On November 26th, volunteers with Seattle’s most active street safety organization, Seattle Neighborhood Greenways, criss-crossed the city, stopping at sites along our streets where collisions within the past year had led to someone’s death. Somberly they placed white silhouettes marking the spots and bearing the age of the person who was killed and how they were using the street when the collision occurred.

Northeast Seattle’s representative on the City Council, Rob Johnson, attended a gathering dedicated to remembering lives lost along NE 65th St, a corridor that has had an unusually high number of collisions in recent decades, many of them leading to serious injuries and several tragic lives lost within the past few years.

The corridor has gotten a lot of attention, mainly due to an outspoken group that has galvanized attention around the #fix65th label and pushed the city to commit to taking action. Because this is such a high-profile street redesign, it has the potential to represent a model for how these safety-focused street overhauls happen in the future.

Earlier this year, we looked at the different designs for each segment that had been approved by the Seattle Department of Transportation (SDOT) from the alternatives presented to the public.

The primary segment of NE 65th St will have protected bike lanes on both sides of the street, with one travel lane in each direction and a center turn lane. This is very similar to the configuration of NE 75th St after a 2014 rechannelization on a short stretch, which did lead to reductions in traffic speed and collisions.

One difference is SDOT plans to add transit islands will to bus stops so that buses do not need to enter the bike lane. In order to leave enough road space to accommodate a stopped bus at transit stops and a travel lane to allow vehicles to pass buses, the design calls for the removal of planting strips next to bus stops and for narrowing sidewalks as well.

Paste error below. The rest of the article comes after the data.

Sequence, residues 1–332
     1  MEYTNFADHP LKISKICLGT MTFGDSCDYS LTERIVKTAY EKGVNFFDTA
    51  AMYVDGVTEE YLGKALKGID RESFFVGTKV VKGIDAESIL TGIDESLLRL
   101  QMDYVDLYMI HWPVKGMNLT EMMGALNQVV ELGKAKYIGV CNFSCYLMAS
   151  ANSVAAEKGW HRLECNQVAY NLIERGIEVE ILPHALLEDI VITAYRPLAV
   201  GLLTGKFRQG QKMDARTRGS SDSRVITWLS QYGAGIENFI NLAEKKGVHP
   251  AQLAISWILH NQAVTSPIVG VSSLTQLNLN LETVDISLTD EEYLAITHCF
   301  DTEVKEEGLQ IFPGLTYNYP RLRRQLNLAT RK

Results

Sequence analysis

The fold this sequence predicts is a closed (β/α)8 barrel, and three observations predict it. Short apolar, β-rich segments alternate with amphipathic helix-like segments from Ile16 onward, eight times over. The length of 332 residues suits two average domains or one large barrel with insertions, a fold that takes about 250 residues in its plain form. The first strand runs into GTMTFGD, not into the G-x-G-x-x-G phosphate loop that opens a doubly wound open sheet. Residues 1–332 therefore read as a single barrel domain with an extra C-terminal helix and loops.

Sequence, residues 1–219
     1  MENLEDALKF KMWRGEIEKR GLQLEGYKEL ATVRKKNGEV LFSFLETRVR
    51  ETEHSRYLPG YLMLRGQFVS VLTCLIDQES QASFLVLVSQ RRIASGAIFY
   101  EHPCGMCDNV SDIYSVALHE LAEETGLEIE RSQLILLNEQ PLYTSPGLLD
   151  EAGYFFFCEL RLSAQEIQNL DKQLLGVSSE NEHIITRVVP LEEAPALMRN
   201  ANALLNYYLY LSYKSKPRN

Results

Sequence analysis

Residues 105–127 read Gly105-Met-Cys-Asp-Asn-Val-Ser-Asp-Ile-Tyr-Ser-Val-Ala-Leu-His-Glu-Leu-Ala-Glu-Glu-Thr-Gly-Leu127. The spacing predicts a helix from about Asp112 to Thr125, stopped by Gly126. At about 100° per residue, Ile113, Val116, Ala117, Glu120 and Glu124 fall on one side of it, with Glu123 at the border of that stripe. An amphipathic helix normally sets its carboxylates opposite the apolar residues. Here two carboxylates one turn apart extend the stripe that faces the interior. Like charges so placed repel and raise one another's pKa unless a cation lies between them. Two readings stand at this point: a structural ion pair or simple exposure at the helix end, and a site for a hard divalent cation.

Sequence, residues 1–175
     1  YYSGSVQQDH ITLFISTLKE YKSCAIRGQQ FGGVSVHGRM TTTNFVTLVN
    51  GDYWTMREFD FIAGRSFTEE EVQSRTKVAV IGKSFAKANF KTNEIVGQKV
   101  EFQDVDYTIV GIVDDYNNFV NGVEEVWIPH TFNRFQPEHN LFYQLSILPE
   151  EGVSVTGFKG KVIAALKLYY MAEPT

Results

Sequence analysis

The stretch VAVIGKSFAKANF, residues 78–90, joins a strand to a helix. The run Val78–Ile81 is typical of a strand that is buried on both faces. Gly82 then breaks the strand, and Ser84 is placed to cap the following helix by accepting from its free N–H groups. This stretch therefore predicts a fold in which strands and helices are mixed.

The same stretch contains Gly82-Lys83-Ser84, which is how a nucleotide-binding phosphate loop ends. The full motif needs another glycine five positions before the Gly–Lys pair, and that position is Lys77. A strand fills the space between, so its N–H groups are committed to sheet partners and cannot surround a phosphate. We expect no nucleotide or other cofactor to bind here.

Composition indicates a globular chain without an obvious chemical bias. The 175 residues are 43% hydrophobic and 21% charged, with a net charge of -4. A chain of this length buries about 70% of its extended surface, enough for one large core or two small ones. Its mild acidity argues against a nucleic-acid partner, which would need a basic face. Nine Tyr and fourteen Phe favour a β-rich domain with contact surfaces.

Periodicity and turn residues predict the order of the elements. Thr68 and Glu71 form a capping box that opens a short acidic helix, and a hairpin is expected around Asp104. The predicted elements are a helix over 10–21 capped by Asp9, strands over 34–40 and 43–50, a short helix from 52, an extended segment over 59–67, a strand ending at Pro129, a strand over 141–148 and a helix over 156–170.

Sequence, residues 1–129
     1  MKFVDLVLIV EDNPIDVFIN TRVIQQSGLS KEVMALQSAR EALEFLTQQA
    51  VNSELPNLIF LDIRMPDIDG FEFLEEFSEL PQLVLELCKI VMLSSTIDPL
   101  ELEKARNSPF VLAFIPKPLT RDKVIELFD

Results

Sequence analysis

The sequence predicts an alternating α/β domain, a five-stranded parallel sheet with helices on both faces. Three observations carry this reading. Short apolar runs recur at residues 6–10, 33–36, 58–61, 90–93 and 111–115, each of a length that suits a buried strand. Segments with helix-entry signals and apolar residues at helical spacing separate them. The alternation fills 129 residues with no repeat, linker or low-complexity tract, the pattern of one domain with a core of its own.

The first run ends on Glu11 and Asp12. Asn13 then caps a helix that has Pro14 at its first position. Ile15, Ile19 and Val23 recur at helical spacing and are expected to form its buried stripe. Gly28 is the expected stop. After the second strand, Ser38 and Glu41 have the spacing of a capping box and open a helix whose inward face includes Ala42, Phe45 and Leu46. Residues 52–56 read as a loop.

The proposed design by SDOT. (City of Seattle)
The proposed design by SDOT. (City of Seattle)

SDOT has completed 60% design and we now have a better idea of exactly what NE 65th St will look like: sidewalks will be four feet wide, next to a four-foot wide bike lane.

SDOT's 60% design at bus islands along NE 65th St. (City of Seattle)
SDOT’s 60% design at bus islands along NE 65th St. (City of Seattle)

Seattle’s right-of-way improvement manual doesn’t recommend sidewalk widths below six feet in any area of the city, and recommends eight-foot minimum width in pedestrian-designated zones, which in the case of NE 65th St  from 9th Ave NE to 15th Ave NE. Four-foot sidewalks are literally the minimum size required by ADA requirements–a very low bar. It bears mentioning that in 2021, a Sound Transit light rail station will open at NE 65th St and 12th Ave NE–the street will become an even more major transfer point. Sound Transit estimates daily ridership at 8,000 people in 2030, most of whom will arrive via transit, walking, or biking. Pedestrian travel between Roosevelt and Ravenna/Bryant will increase, and four-foot bottlenecking sidewalks will prompt people to walk in the bike lane. It will be hard to argue that that’s not by design.

Sidewalk width guidelines in the Seattle right-of-way improvement manual. (City of Seattle)
Sidewalk width guidelines in the Seattle right-of-way improvement manual. (City of Seattle)
Planting strips along NE 65th St will be removed and sidewalks narrowed at transit stops. (Photo by the author)
Planting strips along NE 65th St will be removed and sidewalks narrowed at transit stops. (Photo by the author)

As I wrote about in my last post on NE 65th St, no changes are being considered for the corridor east of 20th Ave NE. When I spoke to Councilmember Johnson, he told me that the segment is slated to be repaved in the next few years and that changes could be considered to the segment later. However, the collision data doesn’t support ending the Vision Zero project at 20th Ave NE. There have been a number of pedestrian and bike collisions east of there in recent years, and speed is just as much an issue there as further west.